July 2005

On June 13, Upstate New York was hit with rains of biblical proportions (6 to 8 in. to be exact.)

When the sun rose the following morning, the devastation along the Northway by Lake George became apparent. A mudslide left a section of the highway covered with boulders and rushing water, leading authorities to close a 16-mi. stretch of the road. On Tuesday, June 14, two of the highway’s four lanes — one northbound, one southbound — had collapsed under the onrush of water.

Although the portion of I-87 that suffered the most damage from the storm is among the less busy sections of the road, 13,000 vehicles still travel along this route daily, with most of the traffic consisting of trucks. Worse, the closure came at the kickoff of the summer travel season in an area heavily dependent on tourism.

To get this road re-opened quickly, NYSDOT called in its Region 1 emergency standby contractor, Delaney Construction, of Mayfield.

Included in the scope of Delaney’s work is the replacement of all of the medians, which were washed out; replacement of all of the embankments, which will consist of 6,540 cu. yds. of fill; armoring the existing stream, which runs east to west, using rip rap; reconstruction of the northbound and southbound lanes with new asphalt; replacement of all guardrails; replacing a 500-ft. section, running east to west, of River Road, which is located underneath I-87; and removing the debris that resulted from the mudslide.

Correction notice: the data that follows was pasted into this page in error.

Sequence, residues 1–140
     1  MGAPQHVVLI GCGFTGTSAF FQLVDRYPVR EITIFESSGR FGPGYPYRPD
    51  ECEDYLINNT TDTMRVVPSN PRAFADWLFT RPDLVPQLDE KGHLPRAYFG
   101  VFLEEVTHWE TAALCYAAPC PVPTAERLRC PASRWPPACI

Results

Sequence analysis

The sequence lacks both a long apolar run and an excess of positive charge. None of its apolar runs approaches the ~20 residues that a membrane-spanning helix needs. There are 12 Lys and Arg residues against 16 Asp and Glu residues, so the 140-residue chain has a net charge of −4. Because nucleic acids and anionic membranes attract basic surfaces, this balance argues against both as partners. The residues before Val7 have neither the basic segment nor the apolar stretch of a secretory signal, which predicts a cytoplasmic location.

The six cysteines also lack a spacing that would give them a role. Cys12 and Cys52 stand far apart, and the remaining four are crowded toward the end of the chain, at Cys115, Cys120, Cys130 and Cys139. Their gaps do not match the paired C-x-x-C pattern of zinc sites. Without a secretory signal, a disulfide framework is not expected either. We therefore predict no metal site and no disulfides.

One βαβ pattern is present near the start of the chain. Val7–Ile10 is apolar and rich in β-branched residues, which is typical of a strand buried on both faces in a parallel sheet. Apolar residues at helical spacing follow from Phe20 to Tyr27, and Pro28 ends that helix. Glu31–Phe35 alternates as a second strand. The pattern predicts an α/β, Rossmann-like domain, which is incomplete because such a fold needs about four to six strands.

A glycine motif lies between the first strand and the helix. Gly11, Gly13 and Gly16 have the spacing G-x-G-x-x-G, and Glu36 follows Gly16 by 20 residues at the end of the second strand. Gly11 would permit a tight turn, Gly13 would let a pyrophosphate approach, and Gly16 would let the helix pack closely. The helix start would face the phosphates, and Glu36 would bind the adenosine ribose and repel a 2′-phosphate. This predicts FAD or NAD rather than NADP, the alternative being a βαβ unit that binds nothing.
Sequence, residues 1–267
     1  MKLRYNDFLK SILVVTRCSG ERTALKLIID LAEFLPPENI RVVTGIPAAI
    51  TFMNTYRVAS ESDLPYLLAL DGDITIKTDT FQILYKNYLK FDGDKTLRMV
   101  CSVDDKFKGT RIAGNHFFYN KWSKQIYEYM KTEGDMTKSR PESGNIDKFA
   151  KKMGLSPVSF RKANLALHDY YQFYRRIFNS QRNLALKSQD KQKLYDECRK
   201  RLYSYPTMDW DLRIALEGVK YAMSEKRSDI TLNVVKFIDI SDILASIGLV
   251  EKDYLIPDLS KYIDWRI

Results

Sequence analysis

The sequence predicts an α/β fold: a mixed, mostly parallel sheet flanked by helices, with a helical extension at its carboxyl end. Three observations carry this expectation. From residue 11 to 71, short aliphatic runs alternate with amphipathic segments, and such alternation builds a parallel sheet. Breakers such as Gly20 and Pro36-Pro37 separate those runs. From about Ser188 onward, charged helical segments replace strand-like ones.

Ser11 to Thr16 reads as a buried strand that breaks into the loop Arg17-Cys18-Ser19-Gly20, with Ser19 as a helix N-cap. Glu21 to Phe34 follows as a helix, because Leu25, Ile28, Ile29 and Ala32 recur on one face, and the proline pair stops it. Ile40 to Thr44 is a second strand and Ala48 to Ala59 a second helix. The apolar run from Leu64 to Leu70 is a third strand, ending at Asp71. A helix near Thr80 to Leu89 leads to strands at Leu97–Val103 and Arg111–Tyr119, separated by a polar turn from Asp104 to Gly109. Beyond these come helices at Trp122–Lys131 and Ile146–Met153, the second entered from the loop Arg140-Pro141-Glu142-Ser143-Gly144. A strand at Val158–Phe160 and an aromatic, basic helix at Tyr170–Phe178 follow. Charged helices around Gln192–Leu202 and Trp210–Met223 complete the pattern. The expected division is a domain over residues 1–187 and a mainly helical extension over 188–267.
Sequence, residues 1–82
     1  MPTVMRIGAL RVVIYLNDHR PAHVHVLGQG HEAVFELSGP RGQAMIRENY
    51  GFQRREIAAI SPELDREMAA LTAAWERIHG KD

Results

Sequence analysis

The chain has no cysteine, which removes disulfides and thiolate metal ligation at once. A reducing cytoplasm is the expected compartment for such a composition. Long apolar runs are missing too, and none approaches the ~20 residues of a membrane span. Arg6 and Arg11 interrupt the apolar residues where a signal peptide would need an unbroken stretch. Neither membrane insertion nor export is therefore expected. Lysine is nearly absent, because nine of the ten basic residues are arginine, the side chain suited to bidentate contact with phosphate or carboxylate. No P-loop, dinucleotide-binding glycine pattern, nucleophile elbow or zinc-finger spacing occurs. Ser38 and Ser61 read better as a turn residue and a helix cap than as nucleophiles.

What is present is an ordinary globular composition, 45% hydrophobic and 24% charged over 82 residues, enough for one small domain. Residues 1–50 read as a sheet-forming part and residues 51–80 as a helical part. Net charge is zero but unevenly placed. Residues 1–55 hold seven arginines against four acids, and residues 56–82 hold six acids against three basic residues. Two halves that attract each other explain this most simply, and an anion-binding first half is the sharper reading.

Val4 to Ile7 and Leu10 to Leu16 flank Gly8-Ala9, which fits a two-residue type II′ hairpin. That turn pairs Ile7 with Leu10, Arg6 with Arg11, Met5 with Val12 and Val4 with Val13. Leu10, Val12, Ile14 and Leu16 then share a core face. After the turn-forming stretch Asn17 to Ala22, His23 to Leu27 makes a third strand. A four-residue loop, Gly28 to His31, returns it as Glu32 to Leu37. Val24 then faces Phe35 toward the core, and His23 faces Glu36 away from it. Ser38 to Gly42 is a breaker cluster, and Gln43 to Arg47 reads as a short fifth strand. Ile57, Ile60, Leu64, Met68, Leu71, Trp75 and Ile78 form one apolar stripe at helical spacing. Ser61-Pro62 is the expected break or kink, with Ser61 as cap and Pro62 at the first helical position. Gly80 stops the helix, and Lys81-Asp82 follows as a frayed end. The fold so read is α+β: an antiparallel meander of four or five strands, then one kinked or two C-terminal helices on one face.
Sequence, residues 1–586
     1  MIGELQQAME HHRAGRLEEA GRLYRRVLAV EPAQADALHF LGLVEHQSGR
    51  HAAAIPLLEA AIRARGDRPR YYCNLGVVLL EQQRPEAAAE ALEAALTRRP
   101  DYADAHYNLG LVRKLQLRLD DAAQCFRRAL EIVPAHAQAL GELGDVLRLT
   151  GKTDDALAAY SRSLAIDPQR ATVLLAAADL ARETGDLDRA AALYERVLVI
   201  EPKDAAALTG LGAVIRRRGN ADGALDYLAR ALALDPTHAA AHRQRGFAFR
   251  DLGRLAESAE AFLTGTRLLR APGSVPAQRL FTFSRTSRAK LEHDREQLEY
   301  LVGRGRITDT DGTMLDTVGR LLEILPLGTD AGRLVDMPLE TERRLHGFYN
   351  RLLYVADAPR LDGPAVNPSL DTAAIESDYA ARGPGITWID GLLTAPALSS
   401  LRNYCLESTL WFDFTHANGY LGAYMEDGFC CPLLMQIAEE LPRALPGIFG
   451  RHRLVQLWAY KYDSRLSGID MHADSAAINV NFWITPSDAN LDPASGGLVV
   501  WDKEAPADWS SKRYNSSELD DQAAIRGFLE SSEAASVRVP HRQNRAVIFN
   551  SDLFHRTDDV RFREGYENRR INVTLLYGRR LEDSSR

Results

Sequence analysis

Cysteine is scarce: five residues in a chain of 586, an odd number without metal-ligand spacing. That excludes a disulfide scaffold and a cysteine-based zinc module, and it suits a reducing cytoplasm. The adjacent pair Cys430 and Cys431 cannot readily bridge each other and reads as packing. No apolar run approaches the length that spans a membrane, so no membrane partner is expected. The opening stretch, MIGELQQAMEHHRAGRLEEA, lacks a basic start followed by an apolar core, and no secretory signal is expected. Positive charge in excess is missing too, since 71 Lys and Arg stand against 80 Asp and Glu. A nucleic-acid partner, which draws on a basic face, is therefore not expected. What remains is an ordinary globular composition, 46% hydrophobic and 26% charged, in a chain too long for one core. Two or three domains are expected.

That’s a lot of work, but virtually non-stop rain made things even more difficult, according to Delaney Vice President Robert Finkle. But after using a 50-man crew working 24 hours a day, Delaney had cleared enough debris so that the road was re-opened on Friday, June 17.

Though there’s still work to be done to rehabilitate this section of I-87, kudos to Delaney and its crews for a job well done under pressure. P


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